Skopje: A place of refuge

Under the Ottoman rule for more than 500 years, Macedonia inherited historical monuments as well as city names. Although some of these names have now changed, others still protect their Ottoman heritage.

Skopje: A place of refuge

It is still possible to come across traces of the Ottoman era in Macedonia due to the many historical and architectural monuments left over from the Ottoman rule. One of the cultural heritages the Ottomans gave to this land are city names. 

The country’s capital, Skopje, originates from the Latin “scupi” and means “place of refuge”. During different periods, Skopje has been named “Skople” and “Skopia”; in Macedonian it is named “Skopje”. During the Ottoman period, it was named “Üsküb”, similar to Turkish name for it today.

Even now, many of the names of Macedonian cities remain similar with their past counterparts. However, others are now possess a completely different name to that which they had during the Ottoman era such as Kalkandelen, Manastir and Koprulu.

Kalkandelen is now Tetova

There are different tales regarding the Kalkandelen city’s name, a city in which many Turkish people have resided in the past and still do.

Alongside those who claim the city was given this name due to an unexpected resistance during the conquest of the city by the Ottomans, are those who say that there was an increase in the number of people who came to live in the city. They called these late residents “kalkan gelen” (meaning; those who upped and came”). There are claims that over time, “kalkan gelen” eventually became “Kalkandelen”.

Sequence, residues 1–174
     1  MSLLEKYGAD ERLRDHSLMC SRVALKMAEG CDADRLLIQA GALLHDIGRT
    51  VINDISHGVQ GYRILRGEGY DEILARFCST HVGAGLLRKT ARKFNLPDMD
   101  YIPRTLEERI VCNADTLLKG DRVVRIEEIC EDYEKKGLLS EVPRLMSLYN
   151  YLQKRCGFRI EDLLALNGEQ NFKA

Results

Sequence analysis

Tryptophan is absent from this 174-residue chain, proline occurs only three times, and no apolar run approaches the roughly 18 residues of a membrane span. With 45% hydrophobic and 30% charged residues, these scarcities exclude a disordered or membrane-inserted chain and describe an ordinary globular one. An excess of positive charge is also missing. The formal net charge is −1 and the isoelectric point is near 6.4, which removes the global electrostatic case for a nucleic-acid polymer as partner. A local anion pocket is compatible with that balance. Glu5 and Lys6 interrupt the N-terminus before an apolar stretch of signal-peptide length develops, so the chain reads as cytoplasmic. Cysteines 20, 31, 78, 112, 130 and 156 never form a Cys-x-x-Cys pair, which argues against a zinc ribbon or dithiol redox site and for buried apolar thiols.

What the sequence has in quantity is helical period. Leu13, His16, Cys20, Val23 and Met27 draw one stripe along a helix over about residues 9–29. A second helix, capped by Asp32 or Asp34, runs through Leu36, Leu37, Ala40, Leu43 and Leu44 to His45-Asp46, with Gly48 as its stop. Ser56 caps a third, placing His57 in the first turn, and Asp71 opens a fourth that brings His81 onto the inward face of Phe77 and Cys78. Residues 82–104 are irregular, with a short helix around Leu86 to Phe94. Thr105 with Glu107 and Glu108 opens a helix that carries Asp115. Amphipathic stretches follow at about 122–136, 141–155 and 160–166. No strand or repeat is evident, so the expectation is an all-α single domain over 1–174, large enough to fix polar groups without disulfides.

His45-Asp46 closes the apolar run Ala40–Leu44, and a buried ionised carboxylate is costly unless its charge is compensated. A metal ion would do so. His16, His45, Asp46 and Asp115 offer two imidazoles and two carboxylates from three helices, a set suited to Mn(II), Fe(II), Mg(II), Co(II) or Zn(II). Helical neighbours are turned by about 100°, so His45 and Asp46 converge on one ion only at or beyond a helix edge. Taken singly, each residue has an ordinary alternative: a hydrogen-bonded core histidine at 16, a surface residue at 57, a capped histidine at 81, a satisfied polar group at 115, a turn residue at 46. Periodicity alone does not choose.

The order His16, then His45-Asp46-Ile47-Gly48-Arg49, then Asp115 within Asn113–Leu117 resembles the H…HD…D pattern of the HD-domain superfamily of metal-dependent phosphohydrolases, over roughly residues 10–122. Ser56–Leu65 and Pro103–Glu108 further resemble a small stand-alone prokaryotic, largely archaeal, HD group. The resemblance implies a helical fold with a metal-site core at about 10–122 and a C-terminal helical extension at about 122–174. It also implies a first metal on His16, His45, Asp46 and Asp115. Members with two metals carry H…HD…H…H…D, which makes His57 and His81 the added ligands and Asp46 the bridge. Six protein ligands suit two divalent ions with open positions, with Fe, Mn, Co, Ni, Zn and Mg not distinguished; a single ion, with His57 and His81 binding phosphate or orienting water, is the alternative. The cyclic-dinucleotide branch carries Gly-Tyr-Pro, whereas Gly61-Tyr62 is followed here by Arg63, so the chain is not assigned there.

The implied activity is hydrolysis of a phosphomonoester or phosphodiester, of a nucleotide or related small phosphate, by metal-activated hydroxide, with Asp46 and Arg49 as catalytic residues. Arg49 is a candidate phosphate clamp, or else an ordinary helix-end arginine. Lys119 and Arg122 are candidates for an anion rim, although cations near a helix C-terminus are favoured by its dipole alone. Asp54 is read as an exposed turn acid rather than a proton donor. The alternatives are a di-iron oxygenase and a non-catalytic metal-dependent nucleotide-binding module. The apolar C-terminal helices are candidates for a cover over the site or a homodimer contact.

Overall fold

The most widespread tale however, is the story of how the community made weapons and departed using these which is how the city was named “Kalkandelen” (meaning; those who upped and lit. made holes). The cities name in Macedonian today is “Tetovo”, and in Albanian; “Tetov”.

They call the city of Manastır, “Bitola”

One of the important provinces of the Ottomans was Manastır (Macedonian: “Bitola”), which takes its name from the Greek word “monastiri”.  Whilst the Turkish and Albanian names also descend from this word, the Macedonian form “bitola” descends from the old Slav word for church;  “obitel”.

Along with the Slav myth “Veles” as well as depending on the Greek word “velesa”, the city Köprülü was renamed “Veles”. Documents about this city show that this city came under Ottoman rule in 1395 and began to increase in population after 1415 and after this dat, the name Köprülü was used for this city.

Tito’s Veles

After the establishment of Yugoslavia, as a sort of badge to prove relations this city was first named “Titov Veles”, meaning “Tito’s Veles”. After Tito’s death and Macedonia’s independence, it became “Veles”.

There are different claims about how the city Gostivar was named, which was one of the important residential cities for Muslims.

The most popular one amongst them is that it came from the Macedonian word for “guest” which is “gosti”. Gostivar is used to mean “many guests” or “hospitable”.

The city of the saturant lake: Doyran

The city Doyran is named after the lake it inhabits, the third largest in Macedonia. It is claimed that this city is named after its abundance, after all, the main source of income for the community is fishing. Therefore, during the Ottoman times, it was name “Doyuran” (meaning; one which feeds and fills). It is still called a similar name today.

One of the cities which has not ever had its name changed is Kumanova. It’s name comes from the Turkish tribe “Kumanlar” who had setlled there in the 11th and 12th centuries.

Similarly, the names of the cities “Demirhisar” and “Demirkapi” still remain the same in Macedonia today.

Kuzey News Agency/Esra Hatip

Last Mod: 03 Mart 2014, 18:21
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